The followers of this Wall and my Twitter account have been too kind. It got to a point where I was receiving messages from followers’ associations. Where and how do I begin to thank you all? My dear sister, Oby Ezekwesili, multiplied the phone calls, leading a group of firebrand sisters of mine on Twitter (Ms. Aisha Yesufu, Ms. Maureen Kabrik, Ms. Florence Ozor) to try and ensure that I did not delink from Project Nigeria as a result of trauma.
And then, there was my brother, Olusegun Adeniyi, former spokesman to the late President Yar’Adua, who didn’t rest until he was able to take a break from a US trip to come and see me in my home in Ottawa and spend time with me.
My brother, Professor ‘Tope Oriola, stepped in to run the affairs of the African Doctoral Lounge, a closed Facebook Group I convened last year to mentor African PhD students, Postdoctoral Fellows, and early-career University lecturers – a virtual extension of my work mentoring this demographic across Africa. If you belong in this demographic and you are on this Wall and you are not a member of the Lounge, you are missing out on tremendous opportunities.
Even members of the ruling class who have been and will continue to be at the receiving end of my irreverent prose joined the train of messages. An email would pop up from a Governor, a Minister, a Senator, a Rep, etc, and I’d be shocked. I’d respond saying the only solidarity I want from them is the sort that would provide the medical facilities I rushed to in Ottawa to ordinary and impoverished Nigerians using the sort of public hospitals that almost killed me in Oyo.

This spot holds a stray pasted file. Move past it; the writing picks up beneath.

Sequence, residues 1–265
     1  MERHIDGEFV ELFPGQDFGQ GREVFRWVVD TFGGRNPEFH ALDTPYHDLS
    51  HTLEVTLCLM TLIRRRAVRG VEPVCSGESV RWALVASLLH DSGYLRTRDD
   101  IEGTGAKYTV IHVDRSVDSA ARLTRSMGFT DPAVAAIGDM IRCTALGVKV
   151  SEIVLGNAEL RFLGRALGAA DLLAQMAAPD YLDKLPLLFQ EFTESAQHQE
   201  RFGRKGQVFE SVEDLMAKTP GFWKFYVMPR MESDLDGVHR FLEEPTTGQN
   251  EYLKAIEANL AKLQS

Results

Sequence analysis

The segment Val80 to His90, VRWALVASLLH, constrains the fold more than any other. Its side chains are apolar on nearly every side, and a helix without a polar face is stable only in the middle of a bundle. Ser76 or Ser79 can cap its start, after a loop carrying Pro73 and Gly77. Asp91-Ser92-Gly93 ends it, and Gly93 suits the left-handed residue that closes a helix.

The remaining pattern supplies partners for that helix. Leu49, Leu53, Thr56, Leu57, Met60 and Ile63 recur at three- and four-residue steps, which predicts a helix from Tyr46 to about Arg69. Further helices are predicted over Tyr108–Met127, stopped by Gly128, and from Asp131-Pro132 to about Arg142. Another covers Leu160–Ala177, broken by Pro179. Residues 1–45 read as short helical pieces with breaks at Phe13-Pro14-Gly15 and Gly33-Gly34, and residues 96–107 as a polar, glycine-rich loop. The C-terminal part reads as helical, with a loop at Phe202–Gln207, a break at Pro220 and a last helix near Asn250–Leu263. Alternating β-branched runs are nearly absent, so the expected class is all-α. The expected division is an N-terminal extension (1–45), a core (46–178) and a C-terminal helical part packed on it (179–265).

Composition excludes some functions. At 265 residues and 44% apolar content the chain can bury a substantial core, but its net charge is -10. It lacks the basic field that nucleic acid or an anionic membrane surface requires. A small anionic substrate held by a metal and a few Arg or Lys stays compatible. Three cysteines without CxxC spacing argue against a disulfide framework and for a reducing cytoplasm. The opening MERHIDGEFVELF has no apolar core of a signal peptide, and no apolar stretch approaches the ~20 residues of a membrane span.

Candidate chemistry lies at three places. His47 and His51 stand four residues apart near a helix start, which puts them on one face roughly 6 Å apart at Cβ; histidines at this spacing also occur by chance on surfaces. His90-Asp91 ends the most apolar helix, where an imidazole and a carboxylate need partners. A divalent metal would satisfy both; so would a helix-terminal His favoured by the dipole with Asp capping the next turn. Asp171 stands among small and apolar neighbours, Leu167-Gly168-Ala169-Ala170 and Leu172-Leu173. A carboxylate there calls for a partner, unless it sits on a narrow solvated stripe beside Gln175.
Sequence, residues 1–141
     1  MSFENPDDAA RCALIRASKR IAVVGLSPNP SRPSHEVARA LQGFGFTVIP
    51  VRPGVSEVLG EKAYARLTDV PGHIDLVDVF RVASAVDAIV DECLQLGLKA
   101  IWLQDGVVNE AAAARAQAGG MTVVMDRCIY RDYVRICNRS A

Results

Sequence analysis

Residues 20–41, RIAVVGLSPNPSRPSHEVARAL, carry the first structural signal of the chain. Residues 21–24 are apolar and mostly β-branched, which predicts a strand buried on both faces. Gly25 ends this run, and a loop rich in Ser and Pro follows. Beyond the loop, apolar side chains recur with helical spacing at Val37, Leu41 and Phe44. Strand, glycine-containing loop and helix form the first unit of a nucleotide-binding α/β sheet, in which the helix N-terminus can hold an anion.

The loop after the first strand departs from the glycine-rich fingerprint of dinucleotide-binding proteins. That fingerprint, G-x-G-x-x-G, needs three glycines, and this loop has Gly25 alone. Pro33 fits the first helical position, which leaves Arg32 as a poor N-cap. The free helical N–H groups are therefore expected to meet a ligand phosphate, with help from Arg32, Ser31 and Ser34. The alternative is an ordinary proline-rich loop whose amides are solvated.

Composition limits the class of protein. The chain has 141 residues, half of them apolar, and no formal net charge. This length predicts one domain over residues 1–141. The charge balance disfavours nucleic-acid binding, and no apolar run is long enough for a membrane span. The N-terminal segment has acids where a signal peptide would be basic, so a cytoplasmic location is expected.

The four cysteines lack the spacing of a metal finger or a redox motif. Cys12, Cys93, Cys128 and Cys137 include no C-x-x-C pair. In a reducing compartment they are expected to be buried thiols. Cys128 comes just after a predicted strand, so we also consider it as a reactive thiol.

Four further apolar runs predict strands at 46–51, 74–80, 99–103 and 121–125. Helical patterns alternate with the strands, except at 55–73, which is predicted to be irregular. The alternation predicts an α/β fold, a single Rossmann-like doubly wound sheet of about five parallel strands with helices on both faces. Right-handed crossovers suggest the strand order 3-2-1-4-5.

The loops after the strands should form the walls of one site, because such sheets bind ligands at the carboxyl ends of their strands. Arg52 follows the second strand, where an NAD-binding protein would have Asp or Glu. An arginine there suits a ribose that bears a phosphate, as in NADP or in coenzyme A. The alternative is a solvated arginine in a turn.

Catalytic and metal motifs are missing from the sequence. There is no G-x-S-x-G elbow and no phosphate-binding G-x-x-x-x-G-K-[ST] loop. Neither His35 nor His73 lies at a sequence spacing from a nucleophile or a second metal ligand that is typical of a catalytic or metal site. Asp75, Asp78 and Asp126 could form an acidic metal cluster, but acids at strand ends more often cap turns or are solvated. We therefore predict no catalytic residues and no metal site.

Sisters, brothers, I owe you too much debt. Too much gratitude.
Remy Binte Oge Stark-Wakanda, Petra Akinti Onyegbule and Abimbola Olujide sum up the nature of my debt to everybody in a thread that is common in some messages I have received from them these past few weeks as something plunged me into a space where they and nobody could reach me: Prof, we won’t stop calling. We won’t stop messaging. Our love will reach you wherever you are.
As I randomly go through thousands of messages now, I am surprised to see that theme running through notes deposited or voicemails left by folks who reached out even when they couldn’t reach me. You have kept sending your love and your messages in the knowledge that silence does not mean snubbing – it just means that there is no formula, no guidebook, no methodology for returning from trauma.
My phone never stopped ringing. May your phones never stop ringing. Adura pataki.
I cannot pay this debt of gratitude, brothers and sisters. The only way I can approximate what I owe you all is to rededicate myself as I heal progressively even more fervently to the Nigerian project.
This is the last I’ll post about this accident until the book is published. I need to return to the political trenches because we still have a country to rescue from the vultures.
I plead beforehand: if you notice that the volume of interventions is not at my pre-accident levels, don’t make anything of it. Don’t read too much into it. I only just stopped physiotherapy. I am still in the other therapy. I am not 100% there yet.
I am just coming back. Gradually. Slowly.